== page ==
Now find your reason for friendly conversation,

and first of all engage in casual talk.

Make earnest enquiry whose those horses are:

and rush to back her favourite, whatever it is.

When the crowded procession of ivory gods goes by,

you clap fervently for Lady Venus:

if by chance a speck of dust falls in the girl’s lap,

as it may, let it be flicked away by your fingers:

and if there’s nothing, flick away the nothing:

let anything be a reason for you to serve her.

If her skirt is trailing too near the ground,

lift it, and raise it carefully from the dusty earth:

Straightaway, the prize for service, if she allows it,

is that your eyes catch a glimpse of her legs.

Don’t forget to look at who’s sitting behind you,

that he doesn’t press her sweet back with his knee.

Small things please light minds:

it’s very helpful to puff up her cushion with a dextrous touch.

And it’s good to raise a breeze with a light fan,

and set a hollow stool beneath her tender feet.



Obviously, a light-hearted writer like Ovid did not treat Orpheus's sad story in the same manner as his role model Virgil. Ovid's touch is more delicate, but at least just as imaginative and interesting. When Eurydice slides away from Orpheus, into the gloom of Hades, she is just as by Vergil stretching her hands towards him, but Ovid makes her mute. She has already been turned into a ghost.


Afraid she was no longer there, and eager to see her,

the lover turned his eyes. In an instant she dropped back,

and he, unhappy man, stretching out his arms to hold her and be held,

clutched at nothing but the receding air.

Dying a second time, now, there was no complaint to her husband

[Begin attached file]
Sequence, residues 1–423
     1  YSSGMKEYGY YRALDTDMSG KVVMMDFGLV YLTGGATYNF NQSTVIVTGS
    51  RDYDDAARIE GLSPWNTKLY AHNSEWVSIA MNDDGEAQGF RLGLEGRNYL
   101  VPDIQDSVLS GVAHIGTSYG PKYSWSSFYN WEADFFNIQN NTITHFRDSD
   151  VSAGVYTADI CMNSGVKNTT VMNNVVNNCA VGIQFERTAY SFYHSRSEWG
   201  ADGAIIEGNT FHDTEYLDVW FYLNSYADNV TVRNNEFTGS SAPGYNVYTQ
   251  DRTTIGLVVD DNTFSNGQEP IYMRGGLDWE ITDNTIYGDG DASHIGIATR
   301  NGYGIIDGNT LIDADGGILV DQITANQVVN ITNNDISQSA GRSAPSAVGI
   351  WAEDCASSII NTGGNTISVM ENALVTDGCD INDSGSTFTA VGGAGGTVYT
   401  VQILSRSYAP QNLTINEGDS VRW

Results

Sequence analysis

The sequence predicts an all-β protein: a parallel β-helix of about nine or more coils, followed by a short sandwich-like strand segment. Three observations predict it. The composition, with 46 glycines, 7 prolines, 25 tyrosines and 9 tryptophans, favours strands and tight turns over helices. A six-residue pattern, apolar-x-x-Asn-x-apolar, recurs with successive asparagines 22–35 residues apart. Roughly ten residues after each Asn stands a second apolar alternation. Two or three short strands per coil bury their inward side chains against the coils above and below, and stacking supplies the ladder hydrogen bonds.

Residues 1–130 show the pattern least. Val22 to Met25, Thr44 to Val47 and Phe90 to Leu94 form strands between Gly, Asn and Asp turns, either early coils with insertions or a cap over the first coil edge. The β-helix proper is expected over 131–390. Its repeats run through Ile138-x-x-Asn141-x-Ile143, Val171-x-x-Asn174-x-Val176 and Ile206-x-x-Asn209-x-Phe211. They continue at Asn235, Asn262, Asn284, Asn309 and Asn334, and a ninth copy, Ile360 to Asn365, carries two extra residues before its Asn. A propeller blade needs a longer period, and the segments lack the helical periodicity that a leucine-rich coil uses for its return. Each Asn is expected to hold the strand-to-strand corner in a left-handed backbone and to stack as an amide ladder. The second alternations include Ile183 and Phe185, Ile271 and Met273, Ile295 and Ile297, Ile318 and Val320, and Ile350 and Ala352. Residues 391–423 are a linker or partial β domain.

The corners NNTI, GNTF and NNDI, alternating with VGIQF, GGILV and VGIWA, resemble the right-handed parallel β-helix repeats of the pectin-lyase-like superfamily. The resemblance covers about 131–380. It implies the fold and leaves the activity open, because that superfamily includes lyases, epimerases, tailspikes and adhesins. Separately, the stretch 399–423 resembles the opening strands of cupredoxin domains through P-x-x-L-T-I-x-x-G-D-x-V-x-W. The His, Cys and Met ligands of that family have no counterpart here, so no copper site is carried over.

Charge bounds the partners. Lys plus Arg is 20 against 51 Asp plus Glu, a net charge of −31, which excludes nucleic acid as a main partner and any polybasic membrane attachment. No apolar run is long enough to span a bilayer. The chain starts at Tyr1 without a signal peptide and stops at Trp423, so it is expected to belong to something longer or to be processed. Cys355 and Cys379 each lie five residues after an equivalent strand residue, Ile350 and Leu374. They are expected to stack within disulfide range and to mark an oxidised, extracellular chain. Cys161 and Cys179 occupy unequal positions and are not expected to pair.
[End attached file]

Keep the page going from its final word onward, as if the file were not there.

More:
(what, then, could she complain of, except that she had been loved?).



The young woman Orpheus brought back with him from the Kingdom of Death was a completely different creature than the one who earlier on had died from him. She was already marked by death. As Rainer Maria Rilke wrote in his poem Orpheus. Eurydice. Hermes:


Self-absorbed. And her being-dead

was filling her like fullness.

For like a fruit all of sweetness and darkness

she too was full of her immense death,

which was so new she could not take it in.


Already she was not the fair-headed girl

at times resonant in the poet´s songs,

no more the wide coach´s scent and island,

and in this man´s ownership no longer.


Rilke's take on the Orpheus myth is elegant and more subdued than the dynamic energy characterizing Ovid's poetry. I assume Rilke's melancholy, and not least the title of his poem was inspired by a well-known Greek burial relief found in the National Museum of Naples. There Orpheus´s and Eurydice's eyes linger in a long farewell while Hermes, who is now going to lead Eurydice back into the dark abyss of death, gently touches Eurydice's hand as if to remind her that she must now be separated from her husband. The god's left hand grips nervously the rim of his tunic, as if to indicate that he is slightly embarrassed and not entirely comfortable with his heavy duty.



By Ovid, after losing his Eurydice Orpheus rushed back into the terrifying Hades. However, when he reached the banks of the stinking Styx, Charon, the ferryman, refused to bring him across to the other side. Orpheus's voice had burst by his sadness. Distressed, he sat down by the shoreline. There he remained for seven days, dirty and gloomy until hunger drove him back to the Realm of the Mortals.